Thankfully by 2014, IE 6 and 7 were a statistical anomaly in actual Internet usage, and most of the bigger websites have completely stopped supporting them. When released, IE 8 usage dropped to single-digit percentages for many websites as a consequence of past experiences.


Now for the good news: The future is brighter for IE.


Thankfully, it seems that MS has finally learned from their many, many mistakes in the browser world. IE 10 and 11 were blazing fast, mostly standards-compliant, and other than the outdated user interface that really needed some love, are a solid choice for anybody. If you’re happy with Windows 7 or 8.1, there is now no reason not to use IE 11 as it is very good, in fact, the new MS browser, Edge still has a way to go before it will be as good as IE 11, so you would be better off staying with the old and true


To say that Edge is a little rough around the edges is an understatement – many things just don't work and although it is completely usable as a browser, it still lacks some features. What you don’t get yet is its support for extensions, this will come but you could have to wait for a little while.


If you’ve upgraded to Windows 10, you would already have Edge on your machine, but that doesn’t mean you can’t still use IE 11. If you were happy with IE 11 and want to continuing using it, you can download it from here http://www.microsoft.com/en-us/download/internet-explorer-11-for-windows-7-details.aspx. You might get an alert saying your machine is not compatible with IE 11, if so, disregard that and click Internet Explorer 11 (then either 32 or 64 bit – depending on your machine), then click the DOWNLOAD button. Follow the prompts and install it. Once it’s installed, navigate back to your desktop, then right click a blank spot on your desktop, that will open another window (right), click NEW down the bottom, that opens another window, click SHORTCUT.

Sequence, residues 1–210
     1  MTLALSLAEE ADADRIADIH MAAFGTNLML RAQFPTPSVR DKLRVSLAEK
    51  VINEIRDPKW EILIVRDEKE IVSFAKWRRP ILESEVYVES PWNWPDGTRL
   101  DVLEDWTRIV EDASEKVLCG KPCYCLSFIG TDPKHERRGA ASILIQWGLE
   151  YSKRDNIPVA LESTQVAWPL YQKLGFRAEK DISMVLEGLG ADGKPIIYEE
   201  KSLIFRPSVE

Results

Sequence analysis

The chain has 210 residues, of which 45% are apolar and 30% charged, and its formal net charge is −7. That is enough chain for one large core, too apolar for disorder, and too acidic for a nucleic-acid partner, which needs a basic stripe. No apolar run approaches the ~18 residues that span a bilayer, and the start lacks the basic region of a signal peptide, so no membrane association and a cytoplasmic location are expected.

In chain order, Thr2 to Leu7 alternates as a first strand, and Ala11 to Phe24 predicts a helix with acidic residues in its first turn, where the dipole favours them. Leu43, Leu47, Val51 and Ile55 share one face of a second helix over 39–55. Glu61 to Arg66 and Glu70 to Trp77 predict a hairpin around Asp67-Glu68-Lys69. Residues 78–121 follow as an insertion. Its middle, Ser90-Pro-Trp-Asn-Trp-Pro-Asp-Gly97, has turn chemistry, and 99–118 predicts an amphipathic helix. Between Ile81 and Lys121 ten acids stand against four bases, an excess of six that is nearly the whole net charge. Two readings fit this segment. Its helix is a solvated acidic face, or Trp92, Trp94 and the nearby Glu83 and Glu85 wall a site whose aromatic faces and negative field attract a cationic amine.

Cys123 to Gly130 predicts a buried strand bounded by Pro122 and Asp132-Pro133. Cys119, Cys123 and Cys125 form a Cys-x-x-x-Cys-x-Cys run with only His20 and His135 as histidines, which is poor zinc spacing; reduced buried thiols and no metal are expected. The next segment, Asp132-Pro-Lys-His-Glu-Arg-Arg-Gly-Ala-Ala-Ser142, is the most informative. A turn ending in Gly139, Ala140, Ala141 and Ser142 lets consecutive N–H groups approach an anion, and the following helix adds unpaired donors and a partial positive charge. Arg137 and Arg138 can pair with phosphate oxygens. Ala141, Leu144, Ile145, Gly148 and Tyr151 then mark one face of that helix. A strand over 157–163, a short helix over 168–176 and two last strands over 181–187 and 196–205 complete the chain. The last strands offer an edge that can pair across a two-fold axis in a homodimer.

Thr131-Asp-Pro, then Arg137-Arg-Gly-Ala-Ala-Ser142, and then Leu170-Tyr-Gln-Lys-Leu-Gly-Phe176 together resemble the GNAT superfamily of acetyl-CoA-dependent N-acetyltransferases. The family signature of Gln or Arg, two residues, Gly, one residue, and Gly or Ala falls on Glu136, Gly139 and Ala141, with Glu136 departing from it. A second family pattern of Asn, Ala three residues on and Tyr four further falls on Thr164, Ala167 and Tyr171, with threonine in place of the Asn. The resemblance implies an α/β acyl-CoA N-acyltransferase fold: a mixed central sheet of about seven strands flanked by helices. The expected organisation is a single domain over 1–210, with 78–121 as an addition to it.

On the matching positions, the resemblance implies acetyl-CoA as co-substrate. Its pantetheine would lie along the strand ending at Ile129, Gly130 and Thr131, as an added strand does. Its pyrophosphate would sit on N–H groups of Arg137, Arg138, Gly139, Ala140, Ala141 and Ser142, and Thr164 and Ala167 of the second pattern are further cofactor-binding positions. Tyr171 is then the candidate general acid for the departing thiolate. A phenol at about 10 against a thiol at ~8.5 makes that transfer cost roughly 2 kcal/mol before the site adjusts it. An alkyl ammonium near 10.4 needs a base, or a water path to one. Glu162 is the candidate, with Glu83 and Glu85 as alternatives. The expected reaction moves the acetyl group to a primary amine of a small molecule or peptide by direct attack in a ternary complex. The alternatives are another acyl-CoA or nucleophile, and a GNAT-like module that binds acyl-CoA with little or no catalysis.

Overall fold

In the new window that opens, click Browse, then navigate to C:\Program Files (x86)\Internet Explorer.  Scroll down and highlite iexplore.exe then click OK. Click NEXT. You will be asked for a name – type in Internet Explorer then click Finish.

This will put the familiar blue e back on your desktop and you can use Internet Explorer 11 again.


A man walked into a bar on a slow night and sat down. After a few minutes, the bartender asked him if he wanted a drink. He replied, "No thanks. I don't drink. I tried it once, but I didn't like it." So the bartender said, "Well, would you like a cigarette?" But the man said, "No thanks. I don't smoke. I tried it once, but I didn't like it." The bartender asked him if he'd like to play a game of pool, and again the man said, "No thanks. I don't like pool. I tried it once, but I didn't like it.  As a matter of fact, I wouldn't be here at all, but I'm waiting for my son."


The bartender said, " He is your only child , I'm guessing."


Tacan Cancers.


About 10 years ago, retired WOFF Tony Pitt, RADTECHG, advised contacts that he had a host of rare cancers – 18 in fact – that he believed were caused by the SAL-219 Klystron that was the power tube in RTN-2 TACAN. The klystron operated at 25,500 volts. Tony learned that the tube emitted x-rays after about 1,000 hours of operation.


About sometime in late 1970 or early 1971 techs working on TACAN at Mt Louisa, Townsville, had to wear film badges for a period. It was rumoured they received a years’ worth of radiation in a week but never any more was said. Apparently, this test arose after a RADTECHG in Darwin was found to have radiation burns from working on TACAN. A lead-shield was apparently placed over the klystron. Later, another tech in Pearce received radiation burns after he had removed the lead shield to tune the klystron. A tech at Laverton was said to be getting terrible headaches for a few days when he worked on TACAN with a colleague.


Tony retired in 1978 and died on the 22 Sept 2008. DVA never accepted his cancers were service related. His wife’s war widow’s pension apparently came as a result of Tony returning from Ubon, Thailand, circa 1960 with a sunspot on his lip! Another colleague and a former apprentice course-mate who worked on TACAN for many years (and who disagreed with Tony) died several years later from an extremely rare liver cancer.


If you were a groundy and worked on the Tacan – get yourself checked!!!



Defence Exposure Evaluation Scheme (DEES).


In April this year the Department of Defence released the Jet Fuel Exposure Syndrome (JFES) Study into the effects of jet fuel and solvents on the health of former F-111 Deseal/Reseal Defence personnel. The (then) Chief of Air Force, Air Marshal Geoff Brown AO, met with F-111 Deseal/Reseal and fire-fighter representatives of those who participated in the study to discuss the report and their health concerns.